The Ordeal of Mr. Pepys’s Clerk

John Harold Wilson


History / Europe / Great Britain
150 pp. 6x9br/>

$19.95 paper 978-0-8142-5360-1
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Sam Atkins, an engaging young clerk on the staff of Mr. Samuel Pepys during the time that the famous diarist first served as secretary to the Lord High Admiral of England, rose from obscurity to fame on one memorable, terrifying occasion. At the age of twenty-one, Sam was accused of complicity in the Popish Plot, that ingenious fabrication of the infamous Titus Oates, which brought a hysterical nation to the verge of panic, and profoundly influenced the literature and history of Restoration England.

Summoned without warning on Friday, November 1, 1678, to the office in Whitehall of the British secretary of state, the bewildered Sam was quickly removed to Winchester House, where he was brought before the secret committee formed by the House of Lords to investigate the plot. Interrogated by the powerful Lord Shaftesbury, Sam learned that he was suspected of complicity in the murder of a Protestant magistrate, Sir Edmund Bury Godfrey.

Actually, the accusations made against Sam were intended to involve his master, Mr. Pepys, in the Popish Plot, as a part of the Protestant conspiracy to exclude the Catholic James, duke of York, from the succession to the throne. Although Pepys was a known Protestant, he had been the duke’s favorite when York was the Lord High Admiral—before the Text Act forced the duke, as a Catholic, to resign his post—and there was evidence that, although he deplored his former patron’s religion, the secretary remained loyal to him. Lord Shaftesbury, the archenemy of the Catholic duke, hoped to use Sam Atkins’s confession against Pepys, and through the secretary to involve the duke of York in a conspiracy to commit murder.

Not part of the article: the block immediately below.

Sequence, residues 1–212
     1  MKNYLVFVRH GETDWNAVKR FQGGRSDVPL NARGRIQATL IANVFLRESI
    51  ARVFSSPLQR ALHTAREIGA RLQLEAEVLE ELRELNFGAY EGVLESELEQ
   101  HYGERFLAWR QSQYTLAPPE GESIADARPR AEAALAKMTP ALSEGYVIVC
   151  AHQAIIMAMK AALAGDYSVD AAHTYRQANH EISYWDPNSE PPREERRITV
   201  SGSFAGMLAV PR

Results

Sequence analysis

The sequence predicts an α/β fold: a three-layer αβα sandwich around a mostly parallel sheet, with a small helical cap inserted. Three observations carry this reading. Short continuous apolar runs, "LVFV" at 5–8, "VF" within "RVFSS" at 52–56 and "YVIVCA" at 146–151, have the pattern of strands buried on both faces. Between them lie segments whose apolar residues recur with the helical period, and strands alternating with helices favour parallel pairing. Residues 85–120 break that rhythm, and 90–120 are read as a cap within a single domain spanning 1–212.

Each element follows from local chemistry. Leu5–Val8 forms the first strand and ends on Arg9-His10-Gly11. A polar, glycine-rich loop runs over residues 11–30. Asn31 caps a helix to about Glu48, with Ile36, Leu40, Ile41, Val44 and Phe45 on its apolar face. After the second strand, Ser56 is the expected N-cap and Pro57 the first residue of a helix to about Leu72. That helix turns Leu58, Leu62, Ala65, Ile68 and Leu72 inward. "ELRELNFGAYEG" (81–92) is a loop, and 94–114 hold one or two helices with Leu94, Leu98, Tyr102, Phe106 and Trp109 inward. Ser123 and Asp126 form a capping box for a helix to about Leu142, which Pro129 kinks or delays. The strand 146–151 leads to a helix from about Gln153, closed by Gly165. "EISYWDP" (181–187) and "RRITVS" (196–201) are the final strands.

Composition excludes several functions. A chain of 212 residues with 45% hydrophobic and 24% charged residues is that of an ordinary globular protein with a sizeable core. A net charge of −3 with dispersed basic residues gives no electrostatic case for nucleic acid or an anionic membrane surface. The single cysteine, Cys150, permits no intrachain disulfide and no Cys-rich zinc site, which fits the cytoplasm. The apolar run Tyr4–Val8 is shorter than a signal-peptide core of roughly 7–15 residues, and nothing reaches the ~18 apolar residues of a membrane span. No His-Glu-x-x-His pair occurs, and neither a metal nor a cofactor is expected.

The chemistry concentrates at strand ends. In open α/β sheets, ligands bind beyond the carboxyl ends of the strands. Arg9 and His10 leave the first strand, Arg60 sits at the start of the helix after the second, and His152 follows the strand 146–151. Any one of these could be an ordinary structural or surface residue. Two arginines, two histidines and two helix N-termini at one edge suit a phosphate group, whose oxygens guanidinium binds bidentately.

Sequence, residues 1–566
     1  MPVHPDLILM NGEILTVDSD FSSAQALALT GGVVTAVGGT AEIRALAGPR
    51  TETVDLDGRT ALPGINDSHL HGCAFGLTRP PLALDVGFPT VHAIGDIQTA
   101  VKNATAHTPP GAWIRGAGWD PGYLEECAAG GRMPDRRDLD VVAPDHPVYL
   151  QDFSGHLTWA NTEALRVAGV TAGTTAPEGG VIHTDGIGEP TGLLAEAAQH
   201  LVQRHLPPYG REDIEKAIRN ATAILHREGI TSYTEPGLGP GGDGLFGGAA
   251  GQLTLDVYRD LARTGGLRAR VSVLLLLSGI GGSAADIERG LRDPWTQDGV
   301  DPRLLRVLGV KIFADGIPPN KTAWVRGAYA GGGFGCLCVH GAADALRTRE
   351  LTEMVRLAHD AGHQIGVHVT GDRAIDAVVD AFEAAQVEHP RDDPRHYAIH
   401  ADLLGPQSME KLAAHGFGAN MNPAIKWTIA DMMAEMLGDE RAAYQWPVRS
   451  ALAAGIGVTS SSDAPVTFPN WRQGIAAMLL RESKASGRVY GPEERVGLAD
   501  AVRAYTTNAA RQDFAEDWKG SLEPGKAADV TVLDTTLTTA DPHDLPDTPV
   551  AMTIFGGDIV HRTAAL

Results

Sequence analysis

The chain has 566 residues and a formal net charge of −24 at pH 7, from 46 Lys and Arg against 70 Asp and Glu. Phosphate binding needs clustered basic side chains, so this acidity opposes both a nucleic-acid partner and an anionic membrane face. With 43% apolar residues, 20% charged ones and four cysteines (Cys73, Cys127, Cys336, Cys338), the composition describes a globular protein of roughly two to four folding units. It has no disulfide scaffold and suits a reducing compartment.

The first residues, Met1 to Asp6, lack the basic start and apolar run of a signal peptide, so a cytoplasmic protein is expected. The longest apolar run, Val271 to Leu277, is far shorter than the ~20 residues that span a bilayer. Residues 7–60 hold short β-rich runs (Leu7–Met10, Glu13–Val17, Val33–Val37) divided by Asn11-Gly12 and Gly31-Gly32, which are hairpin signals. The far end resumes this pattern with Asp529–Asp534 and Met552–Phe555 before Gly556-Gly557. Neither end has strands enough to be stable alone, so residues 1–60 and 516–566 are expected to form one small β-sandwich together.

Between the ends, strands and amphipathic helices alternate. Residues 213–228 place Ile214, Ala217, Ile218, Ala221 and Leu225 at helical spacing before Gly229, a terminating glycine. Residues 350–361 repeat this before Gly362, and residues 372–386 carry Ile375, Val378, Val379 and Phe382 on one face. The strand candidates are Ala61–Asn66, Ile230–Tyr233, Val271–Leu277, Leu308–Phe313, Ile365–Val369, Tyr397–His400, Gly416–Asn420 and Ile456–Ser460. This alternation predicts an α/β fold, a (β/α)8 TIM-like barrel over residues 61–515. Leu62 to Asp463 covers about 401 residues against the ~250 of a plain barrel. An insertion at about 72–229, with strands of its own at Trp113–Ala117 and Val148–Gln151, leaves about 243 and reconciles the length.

Though a most unlikely candidate for a role in the high drama of events that ultimately served to determine the course of a great nation, Sam Atkins, the guileless victim, brought fortitude and a not inconsiderable measure of heroism to the trials he was destined to suffer. In an account of his ordeal that does full justice to Sam the human being, he emerges as one of those figures, rare in both history and fiction: the simple man of courage who rises, with dignity and grace, to meet the challenge of fateful circumstances that are not of his creation and that lie totally beyond his control.

John Harold Wilson, professor emeritus of English at the Ohio State University, is the celebrated author of many distinguished books on the history and literature of the English Restoration, including Nell Gwyn: Royal Mistress and All the King’s Ladies.